Over Thanksgiving I read through the new book by Rob Bell and Don Golden titled Jesus Wants to Save Christians. It is the first whole book I’ve read by Bell and I was honestly really impressed. I’ve always enjoyed his teaching style and that same style really shines through in his writing.
I’ll be blogging through a few of the topics that Bell and Golden cover in the book in the next few days. The book is centered around the idea of the Bible and Christianity being a narrative, and in the end it looks at how we fit into that narrative.
One key tenet to postmodernism is that things are known through story or narrative. This is different from modernity, which came to know things through logic or reason. Bell describes his book as one that studies the narrative of the Bible through a theological perspective called the New Exodus perspective (this is the one part of the book I do not like. I do not understand the idea of looking at the Bible through a specific theological perspective. Why not just let the Bible do the talking?).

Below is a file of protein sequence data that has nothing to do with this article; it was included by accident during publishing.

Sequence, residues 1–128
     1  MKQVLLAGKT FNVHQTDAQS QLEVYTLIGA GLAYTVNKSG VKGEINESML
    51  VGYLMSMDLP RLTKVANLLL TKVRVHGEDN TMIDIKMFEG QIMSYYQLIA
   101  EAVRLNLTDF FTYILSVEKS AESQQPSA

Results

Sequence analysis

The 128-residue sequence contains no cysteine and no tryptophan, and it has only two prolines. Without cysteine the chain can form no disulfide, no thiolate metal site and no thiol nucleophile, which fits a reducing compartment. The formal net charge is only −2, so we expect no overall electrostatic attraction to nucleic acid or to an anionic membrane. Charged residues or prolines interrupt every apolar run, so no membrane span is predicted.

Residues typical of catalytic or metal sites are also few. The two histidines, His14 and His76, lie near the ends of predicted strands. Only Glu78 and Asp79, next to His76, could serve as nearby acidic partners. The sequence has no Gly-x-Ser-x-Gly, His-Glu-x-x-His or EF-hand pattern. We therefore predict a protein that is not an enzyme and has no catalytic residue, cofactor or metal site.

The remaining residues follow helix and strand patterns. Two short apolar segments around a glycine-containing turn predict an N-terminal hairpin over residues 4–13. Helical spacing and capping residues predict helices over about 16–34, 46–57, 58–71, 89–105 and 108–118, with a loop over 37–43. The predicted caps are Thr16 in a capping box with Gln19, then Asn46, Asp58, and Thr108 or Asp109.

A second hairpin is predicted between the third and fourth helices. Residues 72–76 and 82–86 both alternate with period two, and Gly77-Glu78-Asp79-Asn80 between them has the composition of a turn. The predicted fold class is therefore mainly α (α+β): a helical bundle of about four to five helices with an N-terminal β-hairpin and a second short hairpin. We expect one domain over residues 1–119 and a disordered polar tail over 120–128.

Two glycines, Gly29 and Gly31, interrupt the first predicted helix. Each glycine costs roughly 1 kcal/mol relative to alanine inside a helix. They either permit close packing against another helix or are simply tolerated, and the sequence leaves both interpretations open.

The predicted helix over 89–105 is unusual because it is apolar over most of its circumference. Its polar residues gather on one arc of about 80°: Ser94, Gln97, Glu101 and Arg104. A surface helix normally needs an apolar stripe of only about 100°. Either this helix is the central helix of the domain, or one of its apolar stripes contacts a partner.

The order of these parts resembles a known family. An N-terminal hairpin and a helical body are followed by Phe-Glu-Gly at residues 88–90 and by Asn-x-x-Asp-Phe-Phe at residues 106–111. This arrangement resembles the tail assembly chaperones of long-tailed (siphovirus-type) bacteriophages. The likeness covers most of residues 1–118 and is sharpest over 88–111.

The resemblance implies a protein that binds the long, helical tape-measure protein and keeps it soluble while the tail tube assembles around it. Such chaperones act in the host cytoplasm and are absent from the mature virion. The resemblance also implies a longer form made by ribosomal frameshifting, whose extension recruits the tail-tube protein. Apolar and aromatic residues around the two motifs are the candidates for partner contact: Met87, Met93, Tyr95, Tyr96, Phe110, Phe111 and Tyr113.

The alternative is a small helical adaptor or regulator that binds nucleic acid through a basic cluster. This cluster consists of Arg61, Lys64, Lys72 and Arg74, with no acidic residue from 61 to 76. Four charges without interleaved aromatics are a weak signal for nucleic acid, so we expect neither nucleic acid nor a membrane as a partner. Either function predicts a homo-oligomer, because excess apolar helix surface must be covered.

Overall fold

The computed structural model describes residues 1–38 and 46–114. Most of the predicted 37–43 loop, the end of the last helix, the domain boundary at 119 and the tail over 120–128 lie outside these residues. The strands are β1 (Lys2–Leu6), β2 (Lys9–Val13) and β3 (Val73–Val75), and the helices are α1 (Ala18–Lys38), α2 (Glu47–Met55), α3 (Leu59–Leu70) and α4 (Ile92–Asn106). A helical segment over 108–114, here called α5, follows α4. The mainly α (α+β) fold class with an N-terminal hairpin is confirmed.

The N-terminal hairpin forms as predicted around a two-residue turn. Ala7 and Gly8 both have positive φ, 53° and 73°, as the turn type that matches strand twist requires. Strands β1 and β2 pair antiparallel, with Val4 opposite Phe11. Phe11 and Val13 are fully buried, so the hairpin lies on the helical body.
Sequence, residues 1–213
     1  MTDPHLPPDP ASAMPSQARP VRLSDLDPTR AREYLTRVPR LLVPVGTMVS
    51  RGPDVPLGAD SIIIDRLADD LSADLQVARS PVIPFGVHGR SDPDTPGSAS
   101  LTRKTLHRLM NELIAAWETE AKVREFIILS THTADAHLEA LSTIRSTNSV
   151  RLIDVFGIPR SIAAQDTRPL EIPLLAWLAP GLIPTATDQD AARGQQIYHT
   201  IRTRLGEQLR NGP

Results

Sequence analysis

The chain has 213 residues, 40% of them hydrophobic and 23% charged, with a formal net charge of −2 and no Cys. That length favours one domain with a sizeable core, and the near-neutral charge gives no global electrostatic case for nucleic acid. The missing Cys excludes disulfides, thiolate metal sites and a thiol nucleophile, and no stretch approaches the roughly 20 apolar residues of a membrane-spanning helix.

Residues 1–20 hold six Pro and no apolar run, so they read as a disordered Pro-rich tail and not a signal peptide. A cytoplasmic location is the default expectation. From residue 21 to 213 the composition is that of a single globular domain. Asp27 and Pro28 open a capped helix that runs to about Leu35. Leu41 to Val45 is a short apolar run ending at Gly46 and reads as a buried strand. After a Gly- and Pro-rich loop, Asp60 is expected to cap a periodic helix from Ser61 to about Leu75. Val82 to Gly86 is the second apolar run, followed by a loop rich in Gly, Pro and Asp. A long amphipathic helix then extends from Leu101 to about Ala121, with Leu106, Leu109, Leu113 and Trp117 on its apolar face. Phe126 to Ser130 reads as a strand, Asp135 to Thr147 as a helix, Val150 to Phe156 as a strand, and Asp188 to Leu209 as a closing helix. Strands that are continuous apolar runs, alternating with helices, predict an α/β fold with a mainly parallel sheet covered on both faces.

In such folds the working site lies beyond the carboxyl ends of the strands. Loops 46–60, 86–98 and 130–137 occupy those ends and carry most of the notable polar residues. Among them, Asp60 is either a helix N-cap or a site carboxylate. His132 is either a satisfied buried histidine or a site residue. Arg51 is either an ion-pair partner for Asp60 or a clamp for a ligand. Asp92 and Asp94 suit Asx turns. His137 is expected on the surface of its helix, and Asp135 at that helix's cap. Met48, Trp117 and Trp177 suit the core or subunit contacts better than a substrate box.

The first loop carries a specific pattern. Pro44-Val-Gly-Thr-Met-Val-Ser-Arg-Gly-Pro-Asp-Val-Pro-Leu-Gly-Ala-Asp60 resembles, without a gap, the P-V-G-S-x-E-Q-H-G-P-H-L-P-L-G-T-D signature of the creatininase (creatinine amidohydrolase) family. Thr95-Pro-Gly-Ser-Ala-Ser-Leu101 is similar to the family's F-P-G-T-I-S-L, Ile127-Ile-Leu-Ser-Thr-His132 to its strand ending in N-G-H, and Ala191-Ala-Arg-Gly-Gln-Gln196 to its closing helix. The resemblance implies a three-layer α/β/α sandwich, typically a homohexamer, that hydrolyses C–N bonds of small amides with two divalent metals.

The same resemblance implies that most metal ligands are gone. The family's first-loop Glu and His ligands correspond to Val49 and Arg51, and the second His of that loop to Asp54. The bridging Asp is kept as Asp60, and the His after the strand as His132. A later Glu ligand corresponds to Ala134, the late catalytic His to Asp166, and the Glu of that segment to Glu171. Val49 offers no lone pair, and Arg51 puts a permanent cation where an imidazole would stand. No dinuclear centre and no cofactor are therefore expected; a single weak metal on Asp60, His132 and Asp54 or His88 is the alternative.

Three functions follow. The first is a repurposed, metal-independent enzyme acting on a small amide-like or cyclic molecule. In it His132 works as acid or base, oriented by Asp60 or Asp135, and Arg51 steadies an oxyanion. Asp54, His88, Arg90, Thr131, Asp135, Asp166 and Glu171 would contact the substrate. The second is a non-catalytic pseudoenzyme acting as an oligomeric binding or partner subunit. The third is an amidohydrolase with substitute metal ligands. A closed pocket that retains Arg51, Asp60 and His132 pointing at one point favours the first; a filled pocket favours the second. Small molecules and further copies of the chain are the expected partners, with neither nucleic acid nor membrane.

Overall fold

Topic #1 From Oppressed to Oppressors
Essentially the entire book follows this topic through the narrative of the Bible. So Bell begins in the early Old Testament books. At that time Egypt was the enemy of Israel as it held them captive. Bell says:
“Egypt is an anti-kingdom. Egypt is what happens when sin builds up a head of steam. Egypt is what happens when sin becomes structured and embedded in society. Egypt shows us how easily human nature bends toward using power to preserve privilege at the expense of the weak.”
But as the story of Israel continues we see the tides turn in the opposite way. Instead of Israel being oppressed they become the oppressors. This is shown so clearly through the reign of Solomon. This is what Bell says about Israel and Solomon:
“In a few generations these wandering former slaves who were newly rescued from an oppressive empire have become empire-builders themselves. Solomon isn’t maintaining justice; he’s now perpetuating the very injustice his people once needed redemption from and, in the process, building a kingdom of comfort. He dines in his palace and strolls on terraces constructed by human suffering.”
Bell and Golden have essentially traced the first few books of the Old Testament to this idea of being oppressed to now bringing oppression. And I would agree this is a key part of the story in the early Old Testament books.
Tomorrow I’ll look at how God views the oppressed.